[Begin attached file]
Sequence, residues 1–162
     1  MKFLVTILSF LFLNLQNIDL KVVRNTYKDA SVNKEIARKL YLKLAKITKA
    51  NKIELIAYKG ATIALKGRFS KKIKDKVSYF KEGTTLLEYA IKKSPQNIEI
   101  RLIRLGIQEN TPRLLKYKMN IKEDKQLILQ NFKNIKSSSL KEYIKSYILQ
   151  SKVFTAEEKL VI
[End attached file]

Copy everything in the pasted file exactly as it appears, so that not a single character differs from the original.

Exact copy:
Sequence, residues 1–162
     1  MKFLVTILSF LFLNLQNIDL KVVRNTYKDA SVNKEIARKL YLKLAKITKA
    51  NKIELIAYKG ATIALKGRFS KKIKDKVSYF KEGTTLLEYA IKKSPQNIEI
   101  RLIRLGIQEN TPRLLKYKMN IKEDKQLILQ NFKNIKSSSL KEYIKSYILQ
   151  SKVFTAEEKL VI